During the COVID era, many people are more conscious of saving money and watching for money mistakes. If you are trying to be financially prudent during these unprecedented times, remember not to make some of the severe errors with money we mention below!
Owning a home is the foundation of the American dream, and with interest rates below 3%, many Americans are tempted to take the plunge in 2021. But it’s not always the right option.
Depending on where you live and your financial situation, it CAN make sense to buy a home. But sometimes you are better off renting. This is especially true if you live in an expensive area, such as Boston or Los Angeles.
Instead of spending tens of thousands of dollars on a down payment, consider investing in the stock market. Or buy an investment property that pays you a substantial rate of return each month.
Many financial experts say there is never a good reason to lease a car. If you lease your next ride, you pour money into three or more years of car payments, and you have nothing to show for it when the contract is up.
Financing a car is a better choice, but if it takes more than three years to pay it off, you’re buying out of your price range.
Buying a used vehicle is another solid choice. Buying a reliable car that is four or five years old can save you thousands of dollars.
You might have a friend or family member ask you to cosign a car or mortgage loan. It’s never a wise move. The better option is to say ‘no’ and say ‘yes’ to yourself.
When you co-sign any loan, you are responsible for paying it back if your friend or family member defaults. Life is full of unknowns – we saw that big time in 2020! – and if the borrower can’t pay for any reason, you’re stuck.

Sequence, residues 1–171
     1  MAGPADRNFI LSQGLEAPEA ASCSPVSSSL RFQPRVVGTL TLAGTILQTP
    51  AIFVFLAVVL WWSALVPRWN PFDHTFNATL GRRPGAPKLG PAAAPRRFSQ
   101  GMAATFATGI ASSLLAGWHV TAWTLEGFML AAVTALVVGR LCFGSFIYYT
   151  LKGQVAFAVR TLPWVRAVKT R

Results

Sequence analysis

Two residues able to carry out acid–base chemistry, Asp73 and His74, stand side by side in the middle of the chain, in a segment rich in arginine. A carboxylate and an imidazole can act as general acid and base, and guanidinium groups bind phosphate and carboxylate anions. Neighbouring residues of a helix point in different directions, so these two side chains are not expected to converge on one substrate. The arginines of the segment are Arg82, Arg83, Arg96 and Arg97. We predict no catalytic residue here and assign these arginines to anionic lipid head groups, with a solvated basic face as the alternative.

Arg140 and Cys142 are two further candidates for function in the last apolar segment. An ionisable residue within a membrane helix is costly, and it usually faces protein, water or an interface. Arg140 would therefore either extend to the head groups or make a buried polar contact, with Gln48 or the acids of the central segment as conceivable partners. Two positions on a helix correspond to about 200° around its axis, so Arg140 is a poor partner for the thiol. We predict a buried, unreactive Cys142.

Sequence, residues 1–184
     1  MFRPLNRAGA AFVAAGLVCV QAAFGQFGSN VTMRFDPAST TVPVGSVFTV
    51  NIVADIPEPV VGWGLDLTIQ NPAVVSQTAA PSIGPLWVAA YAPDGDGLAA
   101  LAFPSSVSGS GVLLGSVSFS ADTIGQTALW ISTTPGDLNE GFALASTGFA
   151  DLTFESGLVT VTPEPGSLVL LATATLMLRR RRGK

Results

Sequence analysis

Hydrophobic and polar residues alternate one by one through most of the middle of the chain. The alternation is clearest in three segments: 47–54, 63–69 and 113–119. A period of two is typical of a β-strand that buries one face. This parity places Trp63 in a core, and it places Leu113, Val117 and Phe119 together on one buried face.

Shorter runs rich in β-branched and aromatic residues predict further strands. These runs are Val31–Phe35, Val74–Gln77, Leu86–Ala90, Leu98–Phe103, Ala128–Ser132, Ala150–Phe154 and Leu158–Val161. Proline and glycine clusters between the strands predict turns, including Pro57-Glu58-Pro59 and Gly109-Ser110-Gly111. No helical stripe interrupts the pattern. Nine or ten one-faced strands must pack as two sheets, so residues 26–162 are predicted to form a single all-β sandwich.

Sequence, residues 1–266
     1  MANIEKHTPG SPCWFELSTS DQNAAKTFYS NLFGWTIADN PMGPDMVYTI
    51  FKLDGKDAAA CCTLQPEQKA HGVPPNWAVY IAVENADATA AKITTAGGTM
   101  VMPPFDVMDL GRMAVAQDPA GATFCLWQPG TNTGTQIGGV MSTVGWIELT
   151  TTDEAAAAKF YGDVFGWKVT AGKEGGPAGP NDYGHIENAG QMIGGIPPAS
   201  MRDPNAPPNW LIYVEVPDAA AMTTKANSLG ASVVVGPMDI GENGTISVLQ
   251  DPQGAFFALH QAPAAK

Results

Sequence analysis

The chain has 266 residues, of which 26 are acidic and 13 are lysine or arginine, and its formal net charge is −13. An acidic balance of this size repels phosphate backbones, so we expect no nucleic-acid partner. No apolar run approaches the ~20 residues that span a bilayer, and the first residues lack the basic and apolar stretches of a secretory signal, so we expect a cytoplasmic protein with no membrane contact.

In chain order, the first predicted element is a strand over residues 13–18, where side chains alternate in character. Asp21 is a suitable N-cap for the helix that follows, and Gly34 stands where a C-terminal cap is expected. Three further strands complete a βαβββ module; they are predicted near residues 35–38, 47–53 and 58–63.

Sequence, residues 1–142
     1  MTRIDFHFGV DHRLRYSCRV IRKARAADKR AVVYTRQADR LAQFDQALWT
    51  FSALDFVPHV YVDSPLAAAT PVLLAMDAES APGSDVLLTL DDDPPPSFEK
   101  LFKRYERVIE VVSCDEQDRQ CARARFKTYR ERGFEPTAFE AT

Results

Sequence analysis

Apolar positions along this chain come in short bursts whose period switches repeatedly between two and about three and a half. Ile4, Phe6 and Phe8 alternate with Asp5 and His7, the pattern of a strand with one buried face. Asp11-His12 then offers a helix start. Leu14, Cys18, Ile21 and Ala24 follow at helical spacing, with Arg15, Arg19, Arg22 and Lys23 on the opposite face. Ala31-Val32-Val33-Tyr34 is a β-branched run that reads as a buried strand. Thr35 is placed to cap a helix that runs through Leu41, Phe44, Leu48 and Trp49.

Plus, if the borrower pays late, your credit rating suffers.
Avoid early retirement if you can and don’t take Social Security at 62. It’s worth it to wait until you’re 70. Why? Every year you wait from 62 to 70, you get a guaranteed 8% increase in your monthly payment.
Waiting to take Social Security until 70 will give you 75% more money than what you get at 62.
Living into your 80s is a definite possibility, so you want to make sure your finances live as long as you do.
When stocks take a hit, such as during the early days of COVID-19, some investors ran for the hills and sold. That’s not smart.
Rather than selling stock, consider investing the same amount each month, no matter the market conditions. If you do that, a tanking stock market becomes a good buying opportunity.
If you bought many blue-chip stocks at the bottom of the 2008 market crash, you are in excellent financial shape today.
Borrowing money from a 401k can turn into one of the biggest mistakes you ever make, primarily if you use the funds to pay off debt. You may be barred from adding money to the account for up to six months, so you will lose chances to make pre-tax contributions to reduce your taxable income.
You also can lose out on significant earnings if the market rises when you borrow the money.
Now that you know the things not to do with your money, consider using a helpful financial tool such as Cleo to save and invest your money wisely.